\documentclass[11pt]{scrartcl}
\usepackage{evan}
\begin{document}
\title{USEMO 2020/4}
\subtitle{Evan Chen}
\author{Twitch Solves ISL}
\date{Episode 35}
\maketitle
\section*{Problem}
A function $f$ from the set of positive real numbers to itself satisfies
\[ f(x+f(y)+xy) = xf(y)+f(x+y) \]
for all positive real numbers $x$ and $y$.
Prove that $f(x) = x$ for all positive real numbers $x$.
\section*{Video}
\href{https://www.youtube.com/watch?v=5a_XCGKiXnI}{\texttt{https://youtu.be/uj93tNL8f7M}}
\newpage
\section*{Solution}
We present two solutions.
\paragraph{First solution (Nikolai Beluhov)}
We first begin with the following observation.
\begin{claim*}
We must have $f(y) \ge y$ for all $y > 0$.
\end{claim*}
\begin{proof}
Otherwise, choose $0 < x < 1$ satisfying that $f(y) = (1-x) \cdot y$.
Then plugging this $P(x,y)$ gives $xf(y) = 0$, contradiction.
\end{proof}
Now, we make the substitution $f(x) = x+g(x)$,
so that $g$ is a function $\RR_{>0} \to \RR_{\ge 0}$.
The given function equation reads
$g(x+xy+(y+g(y))) + x+(y+g(y)) = (xy+xg(y)) + (x+y+g(x+y))$, or
\[ g(x+y+xy+g(y)) = (x-1) g(y) + g(x+y). \qquad (\dagger) \]
We have to show that $g$ is the zero function from $(\dagger)$.
\begin{claim*}
[Injectivity for nonzero outputs]
If $g(a) = g(b)$ for $a \neq b$,
then we must actually have $g(a) = g(b) = 0$.
\end{claim*}
\begin{proof}
Setting $(a,b)$ and $(b,a)$ in $(\dagger)$ gives
$(a-1) g(b) = (b-1) g(a)$
which, since $a-1 \neq b-1$, forces $g(a) = g(b) = 0$.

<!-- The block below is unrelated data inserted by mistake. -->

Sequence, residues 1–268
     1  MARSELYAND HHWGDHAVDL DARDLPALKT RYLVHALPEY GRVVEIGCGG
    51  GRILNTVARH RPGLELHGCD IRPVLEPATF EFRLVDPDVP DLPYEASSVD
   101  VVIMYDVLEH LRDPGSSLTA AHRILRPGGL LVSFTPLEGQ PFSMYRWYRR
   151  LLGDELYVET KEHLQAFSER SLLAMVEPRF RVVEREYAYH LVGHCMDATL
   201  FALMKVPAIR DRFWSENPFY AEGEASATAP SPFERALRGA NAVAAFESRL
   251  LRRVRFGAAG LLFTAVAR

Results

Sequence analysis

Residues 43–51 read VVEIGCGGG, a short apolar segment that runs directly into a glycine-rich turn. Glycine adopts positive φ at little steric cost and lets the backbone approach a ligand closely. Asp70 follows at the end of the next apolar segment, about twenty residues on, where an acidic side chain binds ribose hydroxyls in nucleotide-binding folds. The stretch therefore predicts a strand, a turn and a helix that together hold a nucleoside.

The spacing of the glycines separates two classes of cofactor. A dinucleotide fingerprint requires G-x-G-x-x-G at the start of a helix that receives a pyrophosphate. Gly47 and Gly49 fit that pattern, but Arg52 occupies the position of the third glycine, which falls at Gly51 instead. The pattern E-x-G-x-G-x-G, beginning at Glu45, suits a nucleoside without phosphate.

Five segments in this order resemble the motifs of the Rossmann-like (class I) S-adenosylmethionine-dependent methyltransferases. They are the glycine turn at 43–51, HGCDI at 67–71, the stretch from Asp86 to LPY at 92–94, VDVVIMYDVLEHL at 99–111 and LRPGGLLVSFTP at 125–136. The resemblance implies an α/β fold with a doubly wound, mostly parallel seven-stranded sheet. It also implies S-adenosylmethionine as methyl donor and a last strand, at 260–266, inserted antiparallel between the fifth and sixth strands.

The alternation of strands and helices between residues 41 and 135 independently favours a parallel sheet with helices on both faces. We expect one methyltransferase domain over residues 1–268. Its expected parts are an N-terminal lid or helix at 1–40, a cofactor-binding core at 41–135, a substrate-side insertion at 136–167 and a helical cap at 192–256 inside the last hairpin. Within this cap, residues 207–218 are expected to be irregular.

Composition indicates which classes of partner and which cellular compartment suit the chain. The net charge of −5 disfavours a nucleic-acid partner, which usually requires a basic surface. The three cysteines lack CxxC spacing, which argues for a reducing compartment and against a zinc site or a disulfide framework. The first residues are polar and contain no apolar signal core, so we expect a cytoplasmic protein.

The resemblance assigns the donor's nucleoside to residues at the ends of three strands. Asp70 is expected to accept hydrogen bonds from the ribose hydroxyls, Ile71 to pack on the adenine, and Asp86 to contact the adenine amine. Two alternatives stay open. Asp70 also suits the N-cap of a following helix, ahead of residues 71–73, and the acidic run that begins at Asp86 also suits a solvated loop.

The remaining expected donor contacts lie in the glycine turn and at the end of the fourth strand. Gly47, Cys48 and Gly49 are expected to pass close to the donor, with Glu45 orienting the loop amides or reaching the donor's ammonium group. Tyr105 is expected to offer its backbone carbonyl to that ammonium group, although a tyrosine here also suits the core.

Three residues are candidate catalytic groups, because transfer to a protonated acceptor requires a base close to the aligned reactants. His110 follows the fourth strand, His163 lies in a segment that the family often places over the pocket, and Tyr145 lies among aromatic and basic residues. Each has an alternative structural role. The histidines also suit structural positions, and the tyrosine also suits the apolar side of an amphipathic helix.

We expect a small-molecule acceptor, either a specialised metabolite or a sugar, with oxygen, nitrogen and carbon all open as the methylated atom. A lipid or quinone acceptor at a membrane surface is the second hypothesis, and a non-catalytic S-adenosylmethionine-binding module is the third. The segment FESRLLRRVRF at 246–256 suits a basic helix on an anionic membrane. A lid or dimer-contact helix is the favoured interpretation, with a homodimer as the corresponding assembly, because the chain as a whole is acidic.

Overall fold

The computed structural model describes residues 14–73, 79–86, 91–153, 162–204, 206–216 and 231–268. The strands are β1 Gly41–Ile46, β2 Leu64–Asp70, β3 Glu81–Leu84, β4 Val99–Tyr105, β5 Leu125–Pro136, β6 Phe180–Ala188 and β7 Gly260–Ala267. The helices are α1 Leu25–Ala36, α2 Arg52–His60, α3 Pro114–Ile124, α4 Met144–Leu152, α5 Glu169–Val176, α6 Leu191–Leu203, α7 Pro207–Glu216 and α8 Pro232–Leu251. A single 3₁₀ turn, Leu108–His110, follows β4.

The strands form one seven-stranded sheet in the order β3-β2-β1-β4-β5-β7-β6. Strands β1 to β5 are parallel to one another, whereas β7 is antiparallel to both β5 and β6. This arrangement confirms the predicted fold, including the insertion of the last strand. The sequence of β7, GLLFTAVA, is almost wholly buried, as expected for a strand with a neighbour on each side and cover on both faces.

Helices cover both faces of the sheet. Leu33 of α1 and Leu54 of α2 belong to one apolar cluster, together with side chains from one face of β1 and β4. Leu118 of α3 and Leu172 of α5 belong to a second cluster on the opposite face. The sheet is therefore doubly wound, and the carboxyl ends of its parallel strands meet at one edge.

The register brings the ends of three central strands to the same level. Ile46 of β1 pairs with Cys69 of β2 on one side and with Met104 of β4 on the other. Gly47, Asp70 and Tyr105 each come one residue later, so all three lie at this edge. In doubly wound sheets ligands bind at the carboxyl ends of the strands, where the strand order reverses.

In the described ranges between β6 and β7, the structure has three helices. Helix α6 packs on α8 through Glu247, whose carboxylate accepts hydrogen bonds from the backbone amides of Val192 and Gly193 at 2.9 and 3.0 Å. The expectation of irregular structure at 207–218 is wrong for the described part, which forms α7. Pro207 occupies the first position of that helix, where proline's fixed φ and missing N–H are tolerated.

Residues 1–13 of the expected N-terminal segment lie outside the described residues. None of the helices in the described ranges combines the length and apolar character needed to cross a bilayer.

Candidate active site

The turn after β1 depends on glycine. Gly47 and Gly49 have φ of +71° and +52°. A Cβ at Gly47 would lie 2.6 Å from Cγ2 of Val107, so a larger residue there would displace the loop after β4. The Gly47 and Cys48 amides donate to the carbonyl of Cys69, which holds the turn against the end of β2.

\end{proof}
\begin{claim*}
[$g$ vanishes on $(1, \infty)$]
We have $g(t) = 0$ for $t > 1$.
\end{claim*}
\begin{proof}
If we set $x=1$ in $(\dagger)$ we obtain that
$ g(g(y) + 2y + 1) = g(1+y) $.
As the inputs are obviously unequal,
the previous claim gives $g(1+y) = 0$ for all $y > 0$.
\end{proof}
Now $x = 2$ in $(\dagger)$ to get $g(y) = 0$, as needed.
\paragraph{Second solution (from authors)}
We start with the same opening of showing $f(y) \ge y$,
defining $f(x) = x + g(x)$, so $g$ satisfies $(\dagger)$.
Here is another proof that $g \equiv 0$ from $(\dagger)$.
\begin{claim*}
If $g$ is not the zero function,
then for any constant $C$,
we have $g(t) > C$ for sufficiently large $t$.
\end{claim*}
\begin{proof}
In $(\dagger)$ fix $y$ to be any input for which $g(y) > 0$.
Then \[ g\left( (1+y)x + (y+g(y)) \right) \ge (x-1) g(y) \]
so for large $x$, we get the conclusion.
\end{proof}
\begin{remark*}
You could phrase the lemma succinctly as
``$\lim_{x \to \infty} g(x) = +\infty$''.
But I personally think it's a bit confusing to do so
because in practice we usually talk about limits of continuous
(or well-behaved) functions,
so a statement like this would have the wrong connotations,
even if technically correct and shorter.
\end{remark*}
On the other hand,
by choosing $x=1$ and $y=t-1$ for $t > 1$ in ($\dagger$), we get
\[ g(2t+g(z)-1) = g(t) \]
and hence one can generate an infinite sequence of fixed points:
start from $t_0 = 100$, and
define $t_n = 2t_{n-1} + g(t_{n-1}) - 2 > t_{n-1} + 98$ for $n \ge 1$ to get
\[ g(t_0) = g(t_1) = g(t_2) = \cdots \]
and since the $t_i$ are arbitrarily large,
this produces a contradiction if $g \not\equiv 0$.
\end{document}